Fun and Fassbinder come out in the wash
March 28, 1986
AS THUGS BATTER down his door, a gay working-class punk announces, "We're
moving out," and then hits the streets. That's the first line of director
Stephen Frears' invigorating and intelligent comedy My Beautiful
Laundrette, a film that combines the intense, unsparing political analysis
of Rainer Werner Fassbinder with a light touch and a giddy sense of humor.
The gay Sting-like punk, Johnny (Daniel Day Lewis, unrecognizable in
every way from his role as the prissy suitor in A Room With a View), is
best friends with and eventually lover to Omar (Gordon Warnecke), a young
Pakistani who lives with his father (Roshan Seth) as the story commences.
The old man, a socialist, is a drunken intellectual disgusted by the
Empire and his son's lack of ambition. "He's on the dole, like everyone
else in England," he tells his capitalist brother, Nasser (Saeed Jaffrey).
"He sweeps the dust from one place to another." Nasser immediately offers
Omar a job washing cars.
Omar accepts, meets Nasser's business partner, Salim (Derrick Branche),
who says of Omar's employment: "At least you'll be with your own people,
not on a dole queue, and Mrs. Thatcher will be happy with me." Omar also
meets Nasser's loving white mistress, Rachel (Shirley Anne Field), who
sees in Pakistani immigrants a future for England and for herself. Nasser
sees the same future: "In this country which we hate and love," he remarks
jubilantly, "you can get everything you want, but you have to know how to
squeeze the teats of the system."
Noting that Nasser has learned how, Omar takes lessons. Before long,
he's running a laundrette, is dealing drugs, and has hired Johnny to work
for him. When one of Omar's relatives asks why Johnny is waiting outside
the house, the newly callous Omar quips: "He's lower-class. He won't come
in unless asked - unless he's doing a burglary." Johnny puts up with the
abuse in part because he can't keep his hands off Omar ("You haven't
touched him," is his answer to a Pakistanti woman who thinks Omar is no
great shakes) and in part because he shares the prevailing opinion that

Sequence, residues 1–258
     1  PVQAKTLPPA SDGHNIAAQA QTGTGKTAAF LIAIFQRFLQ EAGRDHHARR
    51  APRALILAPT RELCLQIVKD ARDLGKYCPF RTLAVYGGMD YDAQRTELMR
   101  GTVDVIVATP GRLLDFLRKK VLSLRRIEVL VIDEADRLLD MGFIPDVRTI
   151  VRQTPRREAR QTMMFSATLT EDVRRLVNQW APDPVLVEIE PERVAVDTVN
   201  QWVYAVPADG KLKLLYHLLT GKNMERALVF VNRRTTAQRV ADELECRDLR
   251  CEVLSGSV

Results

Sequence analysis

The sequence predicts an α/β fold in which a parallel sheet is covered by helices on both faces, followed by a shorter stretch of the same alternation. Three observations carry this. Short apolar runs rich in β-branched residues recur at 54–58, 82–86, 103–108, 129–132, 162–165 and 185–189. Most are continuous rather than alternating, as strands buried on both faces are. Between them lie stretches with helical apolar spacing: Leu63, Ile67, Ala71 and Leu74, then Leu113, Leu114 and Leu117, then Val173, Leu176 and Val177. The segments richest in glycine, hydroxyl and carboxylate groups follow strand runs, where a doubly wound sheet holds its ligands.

Omar is, as Salim puts it, "our future."
What kind of future is that? "I want big money," Omar reveals to
Johnny. "I'm not going to be beaten down by this country." Remembering how
Johnny and his uncouth working-class friends made fun of Omar for being a
Paki in primary school, he adds: "Now you're washing my floor; that's the
way I like it." Nasser, Omar's guru, has become so corrupted by capitalism
he doesn't want to go back to Pakistan: " That country's been sodomized by
religion. It's beginning to interfere with the making of money."
Hanf Kureishi, the author of My Beautiful Laundrette, is a 29-year-old
playwright born in South London to a Pakistani father and an English
mother, and he shares with Fassbinder an absolute absence of
sentimentality regarding the oppressed. Kureishi's exploration of the
disturbing tendency of "the people" to identify with their aggressors ("Oh
dear," the socialist laments, "the working class is such a great
disappointment to me") reproduces Fassbinder's work in a dozen films, and
Kureishi's explication of the power relationship in the homosexual romance
between Omar and Johnny recalls Fassbinder's Fox and His Friends. But
Kureishi's sensibility is very much his own - he's more compassionate than
Fassbinder (the portrayal of the white mistress is heart- wrenching) and
far funnier. The zingers fly by so fast in My Beautiful Laundrette they
almost go unnoticed:
. Omar finances his laundrette renovations by dealing drugs. How did he
do it? someone wonders. Snaps Nasser: "Government grant."
. Nasser's Pakistani wife places a curse on the mistress, who breaks out
in a hideous rash. "What's worse," moans the mistress, "my furniture keeps
moving around. It's not what I'm used to."
. "Nasser," says Omar, "is on a marathon sulk. He's going for a world
Almost any director would be tempted to point up those lines as
punchlines, but Frears, who has worked in British TV for 15 years and is
best known in Canada for The Hit, lets comedy and comment flow naturally
into each other without wielding the red pencil. Technically, he's a
master of the medium: camera work that would seem flamboyant in any other
context (there is one crane shot that leaps a tall building in a single
bound, slides into the street and proceeds to record an entire scene
staged in one continuous take) is integrated without fuss into the film's
kinetic and well-planned but never studied style. (Frears' dexterity,
combined with Kureishi's comic complexity, can take some getting used to.
When My Beautiful Laundrette, which speeds though its subject with the
grace of a sleek hare, was first screened at last year's Festival of
Festivals, this tortoise accused it of psychological "incoherence." There
are some days when some people should stay in their shells.)
Kureishi and company don't offer solutions to the problems they depict
(this is a movie, not a political platform), but they do present them as
they have not been presented before, and that in itself is the beginning
of change. Exhorting Omar to enter university, the battered old socialist
elucidates the film's method: "We must have knowledge if we are to see
clearly what is being done, and to whom, in this country."